But I’m here today to whisper to you writers who confuse “fast writing” with “super talent.”
Change that worldview. For the vast majority of us, fast writing is really just diligence (here is where I note that I’m not a blazer in the words/hour category, say 500-1,000 on average). “Fast writing” means only this: “Go to work every day.”
Today’s example: barring oddities, Starborn will weigh in at about 66K words, about 20K more than I originally thought it would, and about 35K more than the story-span originally took in its first draft. But here’s another truth: I came to work every day for the last three or four months, and I wrote literally hundreds of thousands of words that never made the page.
Yes, terribly inefficient.
And it’s an unusual thing for me. I mean, I throw away a lot of words but not usually (let’s say) 300K in “trash” for a 66K story.
This is probably the most inefficient I’ve ever been, and I’ll be honest: this churn messed with my brain at times. There were moments where I just said “screw it,” I’m done! Only to go back to the keyboard and throw down more crappy words.
For weeks Lisa and I had this dialog every day:
Ron: [Hesitating] Yeah, I think so.
Lisa: [The Next Day] So, is it tomorrow?
Ron: [Scowling] No.
It was funny for a little while, but after a bit it just became unnerving for us both, so I stopped projecting and Lisa stopped asking. Yes, she’s that good.
To put this in context, at my usual rate I would probably have created at least a novel and a half with that 300K words, and maybe more. There are some folks who would look at me and get upset–that’s two books you could be pushing now! they would say. And, that’s true. But my point here is that, finished product or not, by coming to work every day, I created probably three novels worth of words. It just so happened that this time those words only resulted in one finished product.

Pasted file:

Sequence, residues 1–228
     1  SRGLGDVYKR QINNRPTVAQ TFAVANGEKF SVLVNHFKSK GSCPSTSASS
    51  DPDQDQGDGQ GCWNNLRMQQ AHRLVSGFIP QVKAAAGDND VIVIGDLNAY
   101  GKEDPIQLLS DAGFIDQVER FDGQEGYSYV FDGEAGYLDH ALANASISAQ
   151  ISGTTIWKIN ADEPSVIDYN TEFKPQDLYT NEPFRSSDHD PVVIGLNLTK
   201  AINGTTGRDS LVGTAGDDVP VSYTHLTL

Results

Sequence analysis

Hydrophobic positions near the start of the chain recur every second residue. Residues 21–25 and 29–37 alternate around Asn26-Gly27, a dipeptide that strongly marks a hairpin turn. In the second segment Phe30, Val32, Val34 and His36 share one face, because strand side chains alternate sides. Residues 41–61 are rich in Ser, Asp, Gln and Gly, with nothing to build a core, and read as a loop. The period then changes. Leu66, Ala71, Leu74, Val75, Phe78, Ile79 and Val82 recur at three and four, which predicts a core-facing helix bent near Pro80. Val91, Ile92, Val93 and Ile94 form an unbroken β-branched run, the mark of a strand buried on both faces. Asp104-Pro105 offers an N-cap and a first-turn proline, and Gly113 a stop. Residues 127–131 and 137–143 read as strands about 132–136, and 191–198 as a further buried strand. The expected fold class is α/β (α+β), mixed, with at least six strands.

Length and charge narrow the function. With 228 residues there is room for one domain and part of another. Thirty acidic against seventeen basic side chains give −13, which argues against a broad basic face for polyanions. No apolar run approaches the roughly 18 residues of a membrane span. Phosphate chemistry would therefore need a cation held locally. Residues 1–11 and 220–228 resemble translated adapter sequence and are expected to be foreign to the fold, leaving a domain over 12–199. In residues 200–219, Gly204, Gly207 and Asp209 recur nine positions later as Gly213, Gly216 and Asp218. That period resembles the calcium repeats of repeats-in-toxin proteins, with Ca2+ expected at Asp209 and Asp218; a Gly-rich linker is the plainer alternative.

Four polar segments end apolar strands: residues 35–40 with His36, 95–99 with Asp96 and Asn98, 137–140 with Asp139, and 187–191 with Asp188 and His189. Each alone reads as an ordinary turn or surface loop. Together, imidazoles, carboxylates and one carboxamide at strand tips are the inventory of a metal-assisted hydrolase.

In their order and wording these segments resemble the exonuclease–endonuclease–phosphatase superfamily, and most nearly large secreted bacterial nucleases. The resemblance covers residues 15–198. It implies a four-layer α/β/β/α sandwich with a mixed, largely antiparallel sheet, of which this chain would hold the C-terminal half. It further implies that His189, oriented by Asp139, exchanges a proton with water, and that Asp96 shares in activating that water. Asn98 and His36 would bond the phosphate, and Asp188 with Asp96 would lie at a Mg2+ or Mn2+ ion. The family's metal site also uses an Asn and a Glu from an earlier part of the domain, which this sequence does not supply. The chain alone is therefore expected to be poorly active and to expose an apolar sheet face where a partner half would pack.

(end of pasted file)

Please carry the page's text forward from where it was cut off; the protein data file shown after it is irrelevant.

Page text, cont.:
Of course, I should note that I finished three short stories and a novelette that I owed people during this period, too. That’s all good, too. I’m proud of them all.
Looking back on it, my self-diagnosis is that the real issue was that I thought I knew what the story meant to me. I mean, I had known what I was trying to do with the whole thing, so I must have understood the partial, right?
Yes, I’m that stupid.
The result is that I spent a solid two months really just churning on things until, yes, things finally came together for what the book was.
And yes, now that the book is finished I think it’s good. But that’s for everyone else to say. All I can really report is that I’m totally proud of this book now. I’ll be able to look people in the eye when they say they bought it, and in the delightful case where they say they liked it, I’ll know the time was worth it.
So, yeah. Write a lot, and be sure to stop when you’re done. But know that it’s okay to take a breath and go back in. If you come to work every day, you’ll be fine.